The obvious conclusion to be drawn from this favourable assessment is that in 2004 a recommendation should be made urging the broader application of this balanced procedure, which brings together, in equal measure, the national and Community sources of the democratic legitimacy enjoyed by the European institutions.
Turning to the matters on your agenda, and, first and foremost, your consideration of the future of the European Union and the reforms required, Parliament welcomes, Mr President, the open-minded approach which informs the policy note you have prepared as an introduction to your proceedings.
'Nothing is more powerful than an idea whose time has come,' as Victor Hugo said. The time has now come to discuss openly all the questions which the citizens of Europe are asking themselves regarding an appropriate blueprint for the future of the Union, faced, as it is, with the increasing liberalisation of world trade, which is challenging the rule of the single market, and the revolution in its affairs which will be brought about by the virtual doubling in the number of Member States.
This is why the European Parliament is calling for the remit of the Convention which will prepare the IGC to be clearly defined, but open-ended. The objective is to secure the endorsement of our States and our peoples for a project which rethinks the principles underlying a united Europe without undermining its achievements. What is needed is a clear, all-embracing vision based on an approach which is qualitative as much as institutional.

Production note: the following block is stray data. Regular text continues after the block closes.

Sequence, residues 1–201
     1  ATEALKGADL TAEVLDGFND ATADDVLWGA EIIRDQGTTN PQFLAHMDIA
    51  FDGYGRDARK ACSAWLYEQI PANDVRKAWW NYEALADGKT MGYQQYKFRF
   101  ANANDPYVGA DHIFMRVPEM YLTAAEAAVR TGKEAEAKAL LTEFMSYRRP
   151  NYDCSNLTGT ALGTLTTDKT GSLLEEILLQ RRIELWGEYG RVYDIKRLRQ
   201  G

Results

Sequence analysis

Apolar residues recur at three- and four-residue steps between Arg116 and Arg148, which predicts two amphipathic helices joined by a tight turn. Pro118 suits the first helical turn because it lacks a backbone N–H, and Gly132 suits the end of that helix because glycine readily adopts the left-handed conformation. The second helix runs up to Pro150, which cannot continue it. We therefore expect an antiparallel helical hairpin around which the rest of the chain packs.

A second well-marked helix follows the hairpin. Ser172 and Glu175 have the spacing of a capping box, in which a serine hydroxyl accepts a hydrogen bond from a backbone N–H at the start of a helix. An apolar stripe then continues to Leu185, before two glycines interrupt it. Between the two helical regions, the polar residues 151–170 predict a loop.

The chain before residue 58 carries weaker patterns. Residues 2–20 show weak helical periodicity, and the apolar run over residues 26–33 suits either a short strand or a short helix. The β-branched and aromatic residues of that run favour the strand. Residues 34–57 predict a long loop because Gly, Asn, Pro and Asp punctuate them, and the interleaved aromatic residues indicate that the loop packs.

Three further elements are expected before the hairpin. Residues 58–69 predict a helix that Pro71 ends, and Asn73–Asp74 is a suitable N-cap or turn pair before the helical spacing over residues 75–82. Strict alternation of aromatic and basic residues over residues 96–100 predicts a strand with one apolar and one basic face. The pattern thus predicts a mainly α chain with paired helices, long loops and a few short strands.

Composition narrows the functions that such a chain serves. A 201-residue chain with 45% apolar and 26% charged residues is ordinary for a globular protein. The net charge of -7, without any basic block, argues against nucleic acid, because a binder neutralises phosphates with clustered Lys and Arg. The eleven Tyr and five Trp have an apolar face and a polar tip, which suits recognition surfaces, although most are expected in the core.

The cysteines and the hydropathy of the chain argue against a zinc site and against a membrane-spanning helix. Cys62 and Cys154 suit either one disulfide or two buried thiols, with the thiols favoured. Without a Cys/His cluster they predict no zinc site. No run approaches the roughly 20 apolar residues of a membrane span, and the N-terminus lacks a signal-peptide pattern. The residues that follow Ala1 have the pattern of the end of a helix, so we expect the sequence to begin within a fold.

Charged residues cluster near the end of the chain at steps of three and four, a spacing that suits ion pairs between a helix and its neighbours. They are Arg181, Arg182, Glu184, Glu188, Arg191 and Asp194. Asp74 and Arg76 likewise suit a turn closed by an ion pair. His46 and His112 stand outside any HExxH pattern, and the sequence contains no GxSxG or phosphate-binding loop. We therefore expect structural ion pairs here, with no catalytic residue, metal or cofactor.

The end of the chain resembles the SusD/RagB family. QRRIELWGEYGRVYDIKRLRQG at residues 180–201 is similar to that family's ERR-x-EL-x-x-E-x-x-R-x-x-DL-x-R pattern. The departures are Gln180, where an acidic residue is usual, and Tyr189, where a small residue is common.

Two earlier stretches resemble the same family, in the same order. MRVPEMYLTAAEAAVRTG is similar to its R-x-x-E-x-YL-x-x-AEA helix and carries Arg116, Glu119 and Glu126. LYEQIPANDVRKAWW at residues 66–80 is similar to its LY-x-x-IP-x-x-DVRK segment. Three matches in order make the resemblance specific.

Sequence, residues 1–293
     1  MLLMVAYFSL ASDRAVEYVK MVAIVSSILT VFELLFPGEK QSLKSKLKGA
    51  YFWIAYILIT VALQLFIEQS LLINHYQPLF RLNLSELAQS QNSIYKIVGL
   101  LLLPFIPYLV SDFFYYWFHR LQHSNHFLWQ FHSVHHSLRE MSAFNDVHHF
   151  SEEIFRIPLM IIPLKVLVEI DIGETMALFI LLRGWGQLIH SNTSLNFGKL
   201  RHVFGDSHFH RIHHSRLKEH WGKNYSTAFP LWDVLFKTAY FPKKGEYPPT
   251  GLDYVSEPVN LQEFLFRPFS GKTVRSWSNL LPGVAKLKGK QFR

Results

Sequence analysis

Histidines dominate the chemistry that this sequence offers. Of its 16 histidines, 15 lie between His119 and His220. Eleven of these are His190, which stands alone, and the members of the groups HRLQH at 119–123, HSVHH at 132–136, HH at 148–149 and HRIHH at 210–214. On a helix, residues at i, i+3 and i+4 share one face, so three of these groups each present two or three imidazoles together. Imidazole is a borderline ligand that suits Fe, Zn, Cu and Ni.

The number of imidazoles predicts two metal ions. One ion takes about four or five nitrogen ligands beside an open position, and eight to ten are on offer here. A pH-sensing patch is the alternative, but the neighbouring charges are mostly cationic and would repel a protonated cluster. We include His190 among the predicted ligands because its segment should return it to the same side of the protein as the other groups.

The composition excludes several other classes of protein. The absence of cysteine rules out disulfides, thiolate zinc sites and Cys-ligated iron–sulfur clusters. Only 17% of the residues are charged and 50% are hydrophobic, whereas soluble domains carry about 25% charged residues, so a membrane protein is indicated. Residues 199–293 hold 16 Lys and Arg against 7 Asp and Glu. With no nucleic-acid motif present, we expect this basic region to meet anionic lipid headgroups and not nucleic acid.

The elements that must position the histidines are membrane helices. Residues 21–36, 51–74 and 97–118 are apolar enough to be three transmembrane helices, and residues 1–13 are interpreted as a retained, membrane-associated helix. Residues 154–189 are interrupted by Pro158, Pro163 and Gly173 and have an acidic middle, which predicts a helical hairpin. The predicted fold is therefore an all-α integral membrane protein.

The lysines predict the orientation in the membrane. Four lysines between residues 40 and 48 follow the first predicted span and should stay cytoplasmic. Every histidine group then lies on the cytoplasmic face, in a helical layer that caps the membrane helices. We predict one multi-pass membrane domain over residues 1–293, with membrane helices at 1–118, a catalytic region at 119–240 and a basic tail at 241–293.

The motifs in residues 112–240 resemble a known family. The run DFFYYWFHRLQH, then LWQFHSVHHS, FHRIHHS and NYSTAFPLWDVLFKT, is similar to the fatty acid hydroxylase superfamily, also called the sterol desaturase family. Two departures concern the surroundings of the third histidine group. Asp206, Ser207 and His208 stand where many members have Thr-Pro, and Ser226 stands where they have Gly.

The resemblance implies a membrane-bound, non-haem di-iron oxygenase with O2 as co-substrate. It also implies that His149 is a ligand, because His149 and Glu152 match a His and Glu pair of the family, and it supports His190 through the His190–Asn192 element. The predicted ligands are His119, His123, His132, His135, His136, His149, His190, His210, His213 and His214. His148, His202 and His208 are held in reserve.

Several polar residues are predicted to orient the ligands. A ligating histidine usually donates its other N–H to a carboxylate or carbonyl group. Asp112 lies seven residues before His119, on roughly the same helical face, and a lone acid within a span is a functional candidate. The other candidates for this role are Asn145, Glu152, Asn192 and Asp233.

What history will perhaps come to call 'the Laeken Declaration' must mobilise the energies of a united continent which will soon have almost half a million inhabitants whose expectations
vis-ā-vis the Union go considerably beyond institutional issues, as yesterday's trade union demonstrations showed. In order to secure or increase popular support for the Union, European democracy must be given fresh impetus by means of transparency and open debate.
In the same context, Parliament is adamant that a dialogue must be established with civil society which continues throughout the proceedings of the Convention.
Above all, however, Parliament hopes that the major reform to be undertaken in 2004 will highlight the importance of the Community method, on grounds of realism rather than ideology. If the European institutions are not strengthened, once the Union has almost 30 Member States unanimity will be virtually impossible to achieve and cooperation based merely on goodwill between governments, something which is clearly necessary, but whose limits have repeatedly been demonstrated, will constantly founder on the specific national interests of one Member State or another.
Looking ahead to that time, excessive use of the intergovernmental method would merely serve to undermine the ability of the Union to exercise political leadership commensurate with its economic strength.
The Community method also represents the means of safeguarding one of the most valuable achievements of the European integration process, an achievement which can easily be called into question, as it was recently, albeit no doubt wrongly, against the background of specific circumstances linked to the international situation: the feeling which each country has, regardless of the size of its population, that it is a fully-fledged member of the Union.